A second general revision of copyright law in 1870[13] designated the Library of Congress as the location for administration of the copyright law, including the deposit and registration requirements. This legislation extended copyright protection to artistic works.

The third general revision of American copyright law in 1909[14] permitted copyright registration of certain types of unpublished works. The 1909 legislation also changed the duration of copyright and extended copyright renewal from 14 to 28 years. A 1971 amendment extended copyright protection to certain sound recordings.[15]

The fourth and most recent overhaul of American copyright law occurred in 1976, after years of study and legislative activity.[16]

Purpose of copyright[]

The U.S. Constitution provides that Congress has the power to "promote the Progress of Science and useful Arts, by securing for limited Times to authors and Inventors the exclusive Right to their respective Writings and Discoveries."[17] To the framers of the Constitution, "Science" meant knowledge or learning.[18] Copyright was intended to serve as "an engine of free expression." [19]

The framers of the Constitution did not discuss this clause at any length prior to or after its adoption. The purpose of the clause was described in the Federalist Papers by James Madison:

The utility of this power will scarcely be questioned. The copyright of authors has been solemnly adjudged, in Great Britain, to be a right of common law. The right to useful inventions seems with equal reason to belong to the inventors. The public good fully coincides in both cases with the claims of individuals.[20]

The Constitution outlines both the goal that Congress may try to achieve (to promote the progress of science and useful arts) and the means by which they may accomplish it (by securing for limited times to authors and inventors the exclusive right to their respective writings and discoveries).[21]

The Supreme Court has often spoken about the purpose of copyright:

[I]t should not be forgotten that the Framers intended copyright itself to be the engine of free expression. By establishing a marketable right to the use of one's expression, copyright supplies the economic incentive to create and disseminate ideas.[22]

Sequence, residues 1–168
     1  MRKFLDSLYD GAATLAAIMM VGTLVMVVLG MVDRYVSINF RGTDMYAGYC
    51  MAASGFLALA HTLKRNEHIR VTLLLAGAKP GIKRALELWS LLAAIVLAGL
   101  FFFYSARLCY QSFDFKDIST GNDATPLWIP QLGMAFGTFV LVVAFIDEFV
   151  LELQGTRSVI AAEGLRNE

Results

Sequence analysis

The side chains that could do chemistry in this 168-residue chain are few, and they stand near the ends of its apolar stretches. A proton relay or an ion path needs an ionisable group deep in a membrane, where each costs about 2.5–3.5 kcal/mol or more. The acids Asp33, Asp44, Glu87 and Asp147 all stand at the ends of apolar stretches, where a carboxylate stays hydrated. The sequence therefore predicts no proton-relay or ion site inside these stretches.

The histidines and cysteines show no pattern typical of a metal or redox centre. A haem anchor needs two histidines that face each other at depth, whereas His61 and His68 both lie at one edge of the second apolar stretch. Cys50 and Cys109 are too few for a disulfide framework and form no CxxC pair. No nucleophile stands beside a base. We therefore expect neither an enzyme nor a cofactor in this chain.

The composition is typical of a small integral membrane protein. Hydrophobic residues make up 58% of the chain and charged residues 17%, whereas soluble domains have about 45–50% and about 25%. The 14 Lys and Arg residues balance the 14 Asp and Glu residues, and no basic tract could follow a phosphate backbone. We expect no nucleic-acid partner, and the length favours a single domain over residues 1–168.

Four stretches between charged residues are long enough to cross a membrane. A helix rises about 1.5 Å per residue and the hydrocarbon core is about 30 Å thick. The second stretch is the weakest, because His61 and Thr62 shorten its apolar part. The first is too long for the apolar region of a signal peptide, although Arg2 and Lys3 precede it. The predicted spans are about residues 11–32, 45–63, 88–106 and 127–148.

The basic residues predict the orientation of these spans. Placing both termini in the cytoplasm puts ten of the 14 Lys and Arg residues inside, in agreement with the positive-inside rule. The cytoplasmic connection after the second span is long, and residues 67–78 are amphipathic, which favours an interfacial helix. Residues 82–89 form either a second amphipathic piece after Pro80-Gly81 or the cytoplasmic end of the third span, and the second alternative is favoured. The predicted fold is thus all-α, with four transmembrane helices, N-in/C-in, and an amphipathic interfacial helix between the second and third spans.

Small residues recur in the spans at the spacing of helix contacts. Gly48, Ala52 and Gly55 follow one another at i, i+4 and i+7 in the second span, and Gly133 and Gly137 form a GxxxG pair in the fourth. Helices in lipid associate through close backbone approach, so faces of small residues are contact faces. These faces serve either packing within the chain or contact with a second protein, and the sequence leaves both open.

The primary objective of copyright is not to reward the labor of authors, but "[t]o promote the Progress of Science and useful Arts." To this end, copyright assures authors the right in their original expression, but encourages others to build freely upon the ideas and information conveyed by a work.[23]
The copyright law, like the patent statutes, makes reward to the owner a secondary consideration . . . . It is said that reward to the author or artist serves to induce release to the public of the products of his creative genius.[24]

Congress also interpreted the clause when it enacted the 1909 Copyright Act:

The enactment of copyright legislation by Congress under the terms of the Constitution is not based upon any natural right that the author has in his writings, . . . but upon the ground that the welfare of the public will be served and progress of science and useful arts will be promoted by securing to authors for limited periods the exclusive rights to their writings . . . . Not primarily for the benefit of the author, but primarily for the benefit of the public such rights are given. Not that any particular class of citizens, however worthy, may benefit, but because the policy is believed to be for the benefit of the great body of people, in that it will stimulate writing and invention to give some bonus to authors and inventors.[25]

By granting authors exclusive rights, the authors receive the benefit of economic rewards and the public receives the benefit of literature, music and other creative works that might not otherwise be created or disseminated. The public also benefits from the limited scope and duration of the rights granted. The free flow of ideas is promoted by the denial of protection for facts and ideas. The granting of exclusive rights to the author "does not preclude others from using the ideas or information revealed by the author's work."[26]

Maintaining an appropriate balance between protecting works and incentives for creators of works, on the one hand, and disseminating knowledge and information to the public, on the other, is a constant theme throughout the history of copyright law.[27] While the "immediate effect of our copyright law is to secure a fair return for an author's creative labor," its ultimate goal is "to stimulate artistic creativity for the general public good."[28] As noted by UCLA Law Professor Neil Netanel: